Dumbing Down A Phenomenon
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Dumbing Down a Phenomenon
By Don Ledger
FATE :: September 2006 Subscribe to FATE > Buy this issue > Send to a friend
A headline appeared in the Sunday edition of The New York Times on May 7, 2006 stating, Relax, its just gas, not a UFO, by Jack Grimston. It was a line story picked up from the Sunday Times of London, England. Because it had such a disparaging title The New York Times felt safe in running the piece though not usually disposed to printing stories that are concerned with UFOs, at least not in any positive sense. The same article was carried in many other newspapers in the United States, Canada, Australia, and the Netherlands. This, and like-minded articles, was triggered by an Executive Summary report released by the United Kingdoms Ministry of Defence (MoD) as the Condign Report, a 464-page report released on May 15 as a downloadable PDF file.
The Sunday Times article was in error. The gas in question was meant to denote plasma gas as causative for many UFO reports over the last half century. The Sunday Times and other newspapers made the mistake of taking the Condign Reports Executive Summary as a definitive explanation of what was in the report.
A reading of the complete Condign Report soon made it clear that there was no MoD scientific study as reported in the paper. There was no panel of scientists, no exotic equipment, and no extensive re-investigation of witnesses and the UFO reports that had been in the MoDs files in some cases for decades. In fact just one person assembled the study. His name was kept secret.
Tight restrictions were imposed on this anonymous researcher for reasons unknown to those of us on the outside. He was not permitted to interview witnesses, or to investigate personally any of the thousands of UAP incidences in the UK. No single incident was covered in detail. Events were alluded to but not named. Incident dates and times were not included. These are very important for investigating the UFO phenomenon in order to eliminate celestial bodies and events, such as comets, scheduled aircraft flights, military exercises and overflights, releases of scientific and weather balloons, rocket booster and decayed satellite re-entries, and certain man-made satellite fly-overs such as the United States Navys NOSS satellites which travel in an arresting triangular formation across the sky. Serious investigators of this phenomenon check these aforementioned possibilities as a matter of course before getting down to the nitty-gritty.
The Condign Report attempts to provide explanations for what these Unidentified Flying Objects are, but fails to do so.
The air forces of the United States, Canada, and the United Kingdom are on record as stating that UFOs pose no threat to national security. The Condign Report was a four-year study that was classified Secret upon completion in the year 2000. It was released through the Freedom of Information Act in 2006. This report again claims that UAP are of no danger or threat to the UKs national security. But then the researcher warns that pilots should not take evasive action if UFOs approach their aircraft nor should they chase them because they are a collision hazard. The Condign Report sets this collision risk below that of bird strikes on aircraft. Let us look at that statistic.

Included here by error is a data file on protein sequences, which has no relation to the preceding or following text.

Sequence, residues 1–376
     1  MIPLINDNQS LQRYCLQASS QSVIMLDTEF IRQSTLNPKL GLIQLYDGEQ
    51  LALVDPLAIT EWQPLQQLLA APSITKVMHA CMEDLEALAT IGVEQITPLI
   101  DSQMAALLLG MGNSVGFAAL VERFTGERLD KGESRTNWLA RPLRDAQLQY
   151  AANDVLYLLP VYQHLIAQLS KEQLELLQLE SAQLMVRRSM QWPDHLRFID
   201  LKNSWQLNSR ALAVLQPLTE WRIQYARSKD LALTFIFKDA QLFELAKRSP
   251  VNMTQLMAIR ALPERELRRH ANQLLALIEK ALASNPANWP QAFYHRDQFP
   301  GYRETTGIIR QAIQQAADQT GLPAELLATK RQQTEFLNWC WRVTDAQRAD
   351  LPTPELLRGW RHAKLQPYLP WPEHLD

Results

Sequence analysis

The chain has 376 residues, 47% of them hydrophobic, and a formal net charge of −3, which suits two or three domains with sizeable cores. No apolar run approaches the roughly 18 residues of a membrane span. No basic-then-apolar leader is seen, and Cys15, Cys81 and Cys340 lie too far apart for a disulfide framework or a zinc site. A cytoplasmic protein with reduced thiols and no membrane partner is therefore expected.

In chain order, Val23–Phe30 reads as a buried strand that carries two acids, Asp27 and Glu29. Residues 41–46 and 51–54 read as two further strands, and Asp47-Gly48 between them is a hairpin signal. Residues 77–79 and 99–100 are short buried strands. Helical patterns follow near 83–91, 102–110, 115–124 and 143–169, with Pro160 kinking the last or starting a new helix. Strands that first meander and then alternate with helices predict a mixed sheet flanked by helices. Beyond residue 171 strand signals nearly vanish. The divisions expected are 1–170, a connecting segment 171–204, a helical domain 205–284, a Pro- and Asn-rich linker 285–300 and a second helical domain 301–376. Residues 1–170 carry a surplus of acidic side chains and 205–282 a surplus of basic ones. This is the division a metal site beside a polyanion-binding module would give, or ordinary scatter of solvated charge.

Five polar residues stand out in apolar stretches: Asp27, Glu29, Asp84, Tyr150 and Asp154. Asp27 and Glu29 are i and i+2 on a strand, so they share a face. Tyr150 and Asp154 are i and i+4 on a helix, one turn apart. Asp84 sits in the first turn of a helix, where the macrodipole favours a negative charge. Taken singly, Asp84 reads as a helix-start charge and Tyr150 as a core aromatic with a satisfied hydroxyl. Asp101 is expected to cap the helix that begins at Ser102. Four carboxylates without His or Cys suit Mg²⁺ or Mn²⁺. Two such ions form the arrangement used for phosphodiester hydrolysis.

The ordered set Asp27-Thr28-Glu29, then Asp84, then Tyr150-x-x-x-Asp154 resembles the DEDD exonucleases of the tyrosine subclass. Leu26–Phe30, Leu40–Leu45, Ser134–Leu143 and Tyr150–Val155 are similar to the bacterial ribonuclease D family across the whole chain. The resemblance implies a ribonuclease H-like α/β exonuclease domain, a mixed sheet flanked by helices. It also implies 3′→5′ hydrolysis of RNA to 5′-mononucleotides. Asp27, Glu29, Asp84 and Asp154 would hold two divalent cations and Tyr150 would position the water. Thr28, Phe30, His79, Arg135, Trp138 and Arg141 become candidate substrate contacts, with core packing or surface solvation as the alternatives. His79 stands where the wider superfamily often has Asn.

In Canada alone the Daily Incidents Reports [CADORS] filed by Nav Canada indicate anywhere from two to eight bird strikes per day, usually during the takeoff and landing phases of flight at major airports and by large aircraft, though none are immune. Conservatively then, averaging low at just three bird strikes per day, that would total 1,095 bird strikes in Canada each year. Since Canadian aviation statistics usually run approximately ten percent of American statsas does the populationit could reasonably be assumed that annually there are some 11,000 bird strikes in the United States. Imagine then the total number of bird strikes worldwide. If even a tiny fraction of one percent was attributed to UAP collision hazard to aircraft, it would still be too great a number to accept and then ignore.
If there is a hazard to commercial flight, why classify the report secret? Was a memo circulated to commercial carriers in the UK advising them of this hazard? No. Did the MoD circulate warnings to its pilots to be aware of and avoid chasing these plasma hazards? No. Most importantly, did the MoD advise the Civil Aviation Authority for the United Kingdom that there were serious concerns for air safety should airplanes encounter these UAP? No; instead they stamped it Secret UK Eyes Only and buried it.
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